News Roundup

A quick roundup of the news in Telecoms | Week #43

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VMware announces RAN intelligent controller

This week, VMware released several of their initiatives aimed at bolstering and solidifying the company’s  telco cloud plans. The debut of the RAN intelligent controller is one of the recent announcements (RIC). The VMware RIC will be accessible in two deployment models: centralized and distributed, and will be capable of abstracting the underlying RAN architecture and providing RAN programmability via xApps and rApps. Wireless operators, according to VMware, are ready to transition from relatively inflexible conventional RAN infrastructures to more heterogeneous, multi-vendor virtualized RANs.

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Verizon teams up with Project Kuiper

Verizon and Amazon’s Project Kuiper, a low Earth orbit (LEO) satellite network, have established a collaborative partnership to provide broadband solutions for unserved and underserved populations. Project Kuiper and Verizon have begun to establish technical specifications and define early business strategies for a variety of connection offerings for US consumers and worldwide enterprise clients operating in rural and remote locations around the globe. Amazon’s powerful LEO satellite system and Verizon’s world-class wireless technology and infrastructure will be combined to enhance coverage and create innovative, customer-focused connectivity options.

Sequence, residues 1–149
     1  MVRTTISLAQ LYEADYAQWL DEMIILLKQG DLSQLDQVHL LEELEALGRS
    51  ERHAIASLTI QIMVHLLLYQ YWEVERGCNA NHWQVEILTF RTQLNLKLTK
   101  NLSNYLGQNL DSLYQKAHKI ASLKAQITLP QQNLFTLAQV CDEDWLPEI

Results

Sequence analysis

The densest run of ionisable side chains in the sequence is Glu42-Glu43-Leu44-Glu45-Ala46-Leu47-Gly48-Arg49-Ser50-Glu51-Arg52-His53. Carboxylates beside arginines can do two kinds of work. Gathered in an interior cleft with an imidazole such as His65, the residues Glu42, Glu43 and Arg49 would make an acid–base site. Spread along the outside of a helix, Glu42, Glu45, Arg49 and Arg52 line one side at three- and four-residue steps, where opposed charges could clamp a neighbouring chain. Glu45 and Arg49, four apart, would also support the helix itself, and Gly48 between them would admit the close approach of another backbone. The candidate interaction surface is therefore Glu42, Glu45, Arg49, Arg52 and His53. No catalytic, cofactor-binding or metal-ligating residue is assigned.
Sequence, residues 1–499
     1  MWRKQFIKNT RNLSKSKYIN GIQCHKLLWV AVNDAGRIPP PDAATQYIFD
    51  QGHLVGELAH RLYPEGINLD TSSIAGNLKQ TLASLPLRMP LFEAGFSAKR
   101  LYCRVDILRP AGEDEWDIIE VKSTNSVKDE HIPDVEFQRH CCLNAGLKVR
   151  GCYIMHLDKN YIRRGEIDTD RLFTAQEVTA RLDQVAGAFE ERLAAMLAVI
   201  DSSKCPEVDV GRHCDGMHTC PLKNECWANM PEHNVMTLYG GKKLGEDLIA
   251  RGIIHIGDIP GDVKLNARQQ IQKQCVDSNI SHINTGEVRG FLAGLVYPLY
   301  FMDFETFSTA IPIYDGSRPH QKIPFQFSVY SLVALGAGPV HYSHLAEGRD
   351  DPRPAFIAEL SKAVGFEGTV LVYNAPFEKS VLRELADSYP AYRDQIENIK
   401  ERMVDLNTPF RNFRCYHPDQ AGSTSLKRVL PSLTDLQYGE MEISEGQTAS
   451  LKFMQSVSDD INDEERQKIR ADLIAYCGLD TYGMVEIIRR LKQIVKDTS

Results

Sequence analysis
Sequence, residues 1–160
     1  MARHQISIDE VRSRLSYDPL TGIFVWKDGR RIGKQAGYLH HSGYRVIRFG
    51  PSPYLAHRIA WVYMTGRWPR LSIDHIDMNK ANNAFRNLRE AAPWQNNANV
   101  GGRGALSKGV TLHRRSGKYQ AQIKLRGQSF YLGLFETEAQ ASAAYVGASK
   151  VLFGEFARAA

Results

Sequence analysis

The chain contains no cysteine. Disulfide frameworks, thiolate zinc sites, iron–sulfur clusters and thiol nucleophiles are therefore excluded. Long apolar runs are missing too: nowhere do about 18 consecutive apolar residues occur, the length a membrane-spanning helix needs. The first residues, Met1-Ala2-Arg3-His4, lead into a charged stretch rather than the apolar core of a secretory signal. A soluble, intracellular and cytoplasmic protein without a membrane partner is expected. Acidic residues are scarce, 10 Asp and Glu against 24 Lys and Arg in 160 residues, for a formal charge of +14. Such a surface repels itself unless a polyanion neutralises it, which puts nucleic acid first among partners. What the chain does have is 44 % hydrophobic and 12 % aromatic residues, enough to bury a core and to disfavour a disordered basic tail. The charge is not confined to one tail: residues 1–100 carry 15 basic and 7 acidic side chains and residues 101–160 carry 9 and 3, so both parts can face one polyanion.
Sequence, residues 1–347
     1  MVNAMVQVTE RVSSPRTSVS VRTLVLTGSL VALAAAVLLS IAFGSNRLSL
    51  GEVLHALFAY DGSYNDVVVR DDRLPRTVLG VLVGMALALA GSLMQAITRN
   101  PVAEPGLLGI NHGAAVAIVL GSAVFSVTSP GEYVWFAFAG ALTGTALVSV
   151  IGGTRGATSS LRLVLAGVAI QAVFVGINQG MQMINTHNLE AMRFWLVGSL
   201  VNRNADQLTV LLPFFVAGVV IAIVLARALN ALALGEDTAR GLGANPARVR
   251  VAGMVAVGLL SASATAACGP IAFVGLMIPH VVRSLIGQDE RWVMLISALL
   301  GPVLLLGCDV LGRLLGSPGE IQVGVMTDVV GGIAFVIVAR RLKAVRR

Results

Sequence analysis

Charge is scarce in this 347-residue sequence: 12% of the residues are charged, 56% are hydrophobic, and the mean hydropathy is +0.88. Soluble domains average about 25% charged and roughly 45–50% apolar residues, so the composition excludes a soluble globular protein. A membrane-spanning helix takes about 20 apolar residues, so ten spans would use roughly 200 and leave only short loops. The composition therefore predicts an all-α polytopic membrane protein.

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NTT Group combines three of its units

NTT Group has increased its corporate focus by forming a group that combines its mobile, ICT and international businesses. NTT Docomo, NTT Communications and systems integrator NTT Comware make up the newly-merged Docomo Group. According to the parent company, the merger will deliver cost reductions in fixed-line and mobile access networks. NTT justified the integration as a revision of its medium-term management plan, with the goal of improving its local and worldwide operations. If implemented correctly, this decision has the possibility of turning the new business into an IoT giant in the country, as well as a significant driver in tapping 5G B2B prospects.

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US revokes China Telecom’s license in America

The US communications authority has decided to withdraw China Telecom’s operating license in the United States due to national security concerns, marking Washington’s latest retaliation against what it sees as Chinese corporations infiltrating crucial networks. The US Federal Communications Commission (FCC) order requires China Telecom Americas to stop US services within 60 days of the decree. For over 20 years, China Telecom, the largest Chinese telecommunications operator, has been authorized to provide telecommunications services in the United States. The FCC’s move may be seen as the culmination of a protracted legal battle with China Telecom.

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Lithuania prepares for launch of commercial 5G services

The Lithuanian telecommunications regulator, the Communications Regulatory Authority, has released its plans for the country’s first 5G spectrum auction, bringing the country closer to ultimately offering commercial 5G services. The auction will make two 10 MHz and two 5 MHz blocks of spectrum accessible in the 713-733 MHz and 768-788 MHz bands. Each operator will be limited to competing for a single block of frequencies, with the winners required to deliver a minimum 15 Mbps connection to at least 80% of Lithuanian homes, international transportation corridors, highways, railroads, airports and seaports. Lithuania will be one of the last European countries to hold their first 5G auction.

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